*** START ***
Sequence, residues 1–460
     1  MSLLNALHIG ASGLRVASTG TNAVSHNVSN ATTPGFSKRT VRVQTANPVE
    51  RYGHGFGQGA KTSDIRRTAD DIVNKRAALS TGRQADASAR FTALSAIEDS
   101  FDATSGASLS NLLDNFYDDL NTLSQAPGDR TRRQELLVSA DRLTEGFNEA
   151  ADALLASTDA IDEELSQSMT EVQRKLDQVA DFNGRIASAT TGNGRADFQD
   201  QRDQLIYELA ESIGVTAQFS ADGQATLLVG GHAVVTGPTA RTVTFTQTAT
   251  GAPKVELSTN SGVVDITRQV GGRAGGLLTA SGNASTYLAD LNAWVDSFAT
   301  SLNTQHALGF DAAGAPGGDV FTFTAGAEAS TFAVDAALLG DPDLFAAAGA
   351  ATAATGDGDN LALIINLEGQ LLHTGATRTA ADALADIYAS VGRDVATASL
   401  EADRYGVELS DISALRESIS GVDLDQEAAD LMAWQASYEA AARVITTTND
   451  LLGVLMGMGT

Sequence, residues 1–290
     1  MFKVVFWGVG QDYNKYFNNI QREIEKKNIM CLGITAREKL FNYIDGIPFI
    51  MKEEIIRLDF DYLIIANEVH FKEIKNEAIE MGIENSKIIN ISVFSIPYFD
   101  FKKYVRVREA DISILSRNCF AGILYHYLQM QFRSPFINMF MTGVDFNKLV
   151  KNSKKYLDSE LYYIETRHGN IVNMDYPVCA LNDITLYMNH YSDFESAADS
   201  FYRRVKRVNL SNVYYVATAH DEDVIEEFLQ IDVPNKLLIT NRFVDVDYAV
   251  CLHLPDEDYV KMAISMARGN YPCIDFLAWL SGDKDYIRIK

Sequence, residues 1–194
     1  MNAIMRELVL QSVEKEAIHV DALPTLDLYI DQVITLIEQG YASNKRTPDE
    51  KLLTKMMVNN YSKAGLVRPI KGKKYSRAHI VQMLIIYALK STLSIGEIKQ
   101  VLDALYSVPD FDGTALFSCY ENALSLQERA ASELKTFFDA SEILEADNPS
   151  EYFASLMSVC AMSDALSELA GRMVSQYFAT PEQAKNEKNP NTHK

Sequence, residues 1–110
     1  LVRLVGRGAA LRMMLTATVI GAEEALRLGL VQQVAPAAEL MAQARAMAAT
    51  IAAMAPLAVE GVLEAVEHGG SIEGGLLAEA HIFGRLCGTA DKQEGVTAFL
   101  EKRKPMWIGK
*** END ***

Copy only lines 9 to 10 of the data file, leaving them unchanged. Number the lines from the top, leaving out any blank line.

   351  ATAATGDGDN LALIINLEGQ LLHTGATRTA ADALADIYAS VGRDVATASL
   401  EADRYGVELS DISALRESIS GVDLDQEAAD LMAWQASYEA AARVITTTND